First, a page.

Discussion Questions

  • 1. When deciding on levels of measurement for data collection, why is it usually wise to go with the higher levels of measurement?
  • 2. Consider the concept of “recidivism.” Come up with five different ways that you could operationalize it.
  • 3. What steps can researchers take to prevent reliability problems and/or be in a position to check for reliability as they are designing a survey?


Ceccato, V. (2019). Fieldwork protocol as a safety inventory tool in public places. Criminal Justice Studies, 32(2), 165-188. https://doi.org/10.1080/09589236.2019.1601367 Costello, M., Rukus, J., & Hawdon, J. (2019). We don’t like your type around here: Regional and residential differences in exposure to online hate material targeting sexuality. Deviant Behavior, 40(3), 385-401. https://doi.org/10.1080/01639625.2018.1426266

Day, E. N., Edgren, K., & Eshleman, A. (2007). Measuring stigma toward mental illness: Development and application of the mental illness stigma scale. Journal of Applied Social Psychology, 37(10), 2191-2219. https://doi.org/10.1111/j. 1559-1816.2007.00255.x Hartley, R. D. (Ed.). (2011). Snapshots of research. Thousand Oaks, CA: Sage Publications.

Jennings, W. G., & Reingle Gonzalez, J. M. (2019). Criminological arid criminal justice research methods. New York, NY: Wolters Kluwer.

Kelling, G. L., Pate, T, Diekman, D., & Brown, С. E. (1974). The Kansas City preventive patrol experiment. Washington, DC: The Police Foundation.

Kranzler, J. H. (2018). Statistics for the terrified. Lanham, MD: Rowman & Littlefield.

Makarios, M., Lovins, L. B., Myer, A. J., & Latessa, E. (2019). Treatment integrity and recidivism among sex offenders: The relationship between CPC scores and program effectiveness. Corrections, 4(2), 112-125. https://doi.org/10.1080/23774657.2017.1389318

Maxfield, M. G., & Babbie, E. (2012). Basics of research methods for criminal justice and criminology (3rd ed.). Belmont, CA: Thomson Wadsworth.

Spohn, C., & Holleran, D. (2000). The imprisonment penalty paid by young, unemployed black and Hispanic male offenders. Criminology, 38(1), 281-306. https://doi.org/10.1111/j. 1745-9125.2000.tb00891.x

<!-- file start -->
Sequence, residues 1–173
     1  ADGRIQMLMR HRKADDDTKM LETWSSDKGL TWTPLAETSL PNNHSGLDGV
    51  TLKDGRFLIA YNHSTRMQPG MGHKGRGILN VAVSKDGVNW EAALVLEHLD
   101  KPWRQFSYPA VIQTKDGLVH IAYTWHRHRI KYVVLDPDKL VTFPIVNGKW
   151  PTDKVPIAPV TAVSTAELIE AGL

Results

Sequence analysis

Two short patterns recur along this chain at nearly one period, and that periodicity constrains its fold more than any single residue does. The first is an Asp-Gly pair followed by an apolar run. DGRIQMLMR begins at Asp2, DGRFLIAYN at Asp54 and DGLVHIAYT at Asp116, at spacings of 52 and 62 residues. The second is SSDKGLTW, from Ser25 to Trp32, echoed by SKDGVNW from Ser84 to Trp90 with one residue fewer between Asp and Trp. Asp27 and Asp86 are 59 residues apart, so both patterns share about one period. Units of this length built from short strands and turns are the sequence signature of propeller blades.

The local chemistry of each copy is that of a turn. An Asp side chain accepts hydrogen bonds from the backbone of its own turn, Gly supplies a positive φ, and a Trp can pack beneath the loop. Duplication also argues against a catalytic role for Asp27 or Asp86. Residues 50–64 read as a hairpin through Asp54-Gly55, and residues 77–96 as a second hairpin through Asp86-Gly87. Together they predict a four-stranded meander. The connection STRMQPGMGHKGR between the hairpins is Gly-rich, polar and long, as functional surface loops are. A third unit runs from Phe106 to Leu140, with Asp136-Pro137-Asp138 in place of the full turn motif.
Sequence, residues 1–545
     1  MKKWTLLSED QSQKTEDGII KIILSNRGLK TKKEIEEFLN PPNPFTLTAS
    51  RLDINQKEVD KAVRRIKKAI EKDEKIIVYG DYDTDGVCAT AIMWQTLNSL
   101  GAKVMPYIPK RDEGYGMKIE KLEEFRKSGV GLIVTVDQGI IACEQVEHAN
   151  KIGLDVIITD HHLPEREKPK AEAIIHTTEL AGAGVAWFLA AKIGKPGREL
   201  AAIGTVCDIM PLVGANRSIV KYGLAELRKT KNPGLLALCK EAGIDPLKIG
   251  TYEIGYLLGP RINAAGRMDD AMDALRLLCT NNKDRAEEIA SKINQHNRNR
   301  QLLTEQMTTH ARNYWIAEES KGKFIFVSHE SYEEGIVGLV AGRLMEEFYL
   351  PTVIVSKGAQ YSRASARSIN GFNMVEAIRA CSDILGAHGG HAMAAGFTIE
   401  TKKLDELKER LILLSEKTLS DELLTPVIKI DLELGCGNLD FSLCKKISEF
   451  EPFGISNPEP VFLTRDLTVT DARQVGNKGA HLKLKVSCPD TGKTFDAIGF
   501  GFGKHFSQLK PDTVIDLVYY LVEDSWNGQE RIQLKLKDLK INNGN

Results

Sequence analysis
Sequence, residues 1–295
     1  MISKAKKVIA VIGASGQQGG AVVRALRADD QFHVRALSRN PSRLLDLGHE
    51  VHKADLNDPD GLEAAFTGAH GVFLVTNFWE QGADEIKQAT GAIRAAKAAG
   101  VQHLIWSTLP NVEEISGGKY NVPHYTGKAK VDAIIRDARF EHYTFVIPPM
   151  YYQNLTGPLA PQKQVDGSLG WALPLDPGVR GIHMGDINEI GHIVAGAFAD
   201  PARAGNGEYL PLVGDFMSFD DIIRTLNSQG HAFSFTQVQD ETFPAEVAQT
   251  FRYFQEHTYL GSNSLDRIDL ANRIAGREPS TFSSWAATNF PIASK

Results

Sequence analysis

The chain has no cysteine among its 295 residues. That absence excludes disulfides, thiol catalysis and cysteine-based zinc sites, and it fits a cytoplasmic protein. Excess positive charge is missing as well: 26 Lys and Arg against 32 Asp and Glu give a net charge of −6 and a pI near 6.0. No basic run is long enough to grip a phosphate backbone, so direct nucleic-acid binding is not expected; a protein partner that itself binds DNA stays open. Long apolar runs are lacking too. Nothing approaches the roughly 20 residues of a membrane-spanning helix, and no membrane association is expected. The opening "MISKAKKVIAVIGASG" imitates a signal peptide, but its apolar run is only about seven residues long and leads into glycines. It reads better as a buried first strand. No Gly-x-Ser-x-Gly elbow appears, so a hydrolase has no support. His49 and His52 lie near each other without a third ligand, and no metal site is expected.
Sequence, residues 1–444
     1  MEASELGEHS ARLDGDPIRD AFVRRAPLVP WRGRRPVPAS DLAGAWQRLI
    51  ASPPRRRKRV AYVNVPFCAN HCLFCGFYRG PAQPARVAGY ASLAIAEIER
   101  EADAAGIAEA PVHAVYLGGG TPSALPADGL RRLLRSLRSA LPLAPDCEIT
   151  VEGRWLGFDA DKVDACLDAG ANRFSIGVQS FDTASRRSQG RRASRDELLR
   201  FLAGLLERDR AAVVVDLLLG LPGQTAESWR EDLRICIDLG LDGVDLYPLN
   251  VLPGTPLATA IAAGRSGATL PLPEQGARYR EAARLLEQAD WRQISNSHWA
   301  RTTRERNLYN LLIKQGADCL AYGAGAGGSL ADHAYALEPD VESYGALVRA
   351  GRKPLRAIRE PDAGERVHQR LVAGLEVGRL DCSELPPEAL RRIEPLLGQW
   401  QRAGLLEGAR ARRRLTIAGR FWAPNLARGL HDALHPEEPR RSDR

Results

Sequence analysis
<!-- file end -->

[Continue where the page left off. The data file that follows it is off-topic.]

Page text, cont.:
Stauss, K., Sparks, L., Thomas, J., & Grant, K. (2018). Letters to children: Findings of a program to enhance communication of incarcerated mothers and their children. Corrections, 3(4), 225-247. https://doi.org/10 .1080/23774657.2017.1381054

Steffensmeier, D., Ulmer, J., & Kramer, J. (1998). The interaction of race, gender, and age in criminal sen- tencing: The punishment cost of being young, black, and male. Criminology, 36(1), 763-797. https://doi. org/10.1111/j. 1745-9125.1998.tb01265.x

Tartaro, C., & Sedelmaier, C. (2009). A tale of two counties: The impact of pretrial detention on later court processing decisions. Criminal Justice Studies: A Critical Journal of Crime, Law & Society, 22(2), 203-221. https://doi.org/10.1080/14786010902975507

Unnever, J. D., Benson, M. L., & Cullen, F. T. (2008). Public support for getting tough on corporate crime: Racial and political divides. Journal of Research in Crime & Delinquency, 45(2), 163-190. https://doi. org/10.1177/0022427807313707

Weisburd, D., Wyckoff, L. A., Ready, J., Eck, J. J., Flinkle, J. C., & Gajewski, F. (2006). Does crime just move around the corner? A controlled study of spatial displacement and diffusion of crime control benefits. Criminology, 44(3), 549-592. https://doi.org/10.! 111/j. 1745-9125.2006.00057.x

Reading 6.1 Systemic Error

Sex and gender are two of the most commonly used variables in criminal justice research. Until fairly recently, they were also considered among the easiest to operationalize. As our knowledge of biology has advanced and our society has become more progressive, researchers are gradually acknowledging the need to (a) fully understand that gender and sex are two separate constructs, and (b) reconsider how we operationalize these variables. Valcore and Pfeffer (2018) note that the outdated, simplified way of collecting data on sex and gender can result in the misclassification of over a million individuals. This matter is especially important for social scientists, as people who are transgender or gender nonconforming tend to be disproportionately represented in the criminal justice system, as both victims and offenders.

< Prev   CONTENTS   Source   Next >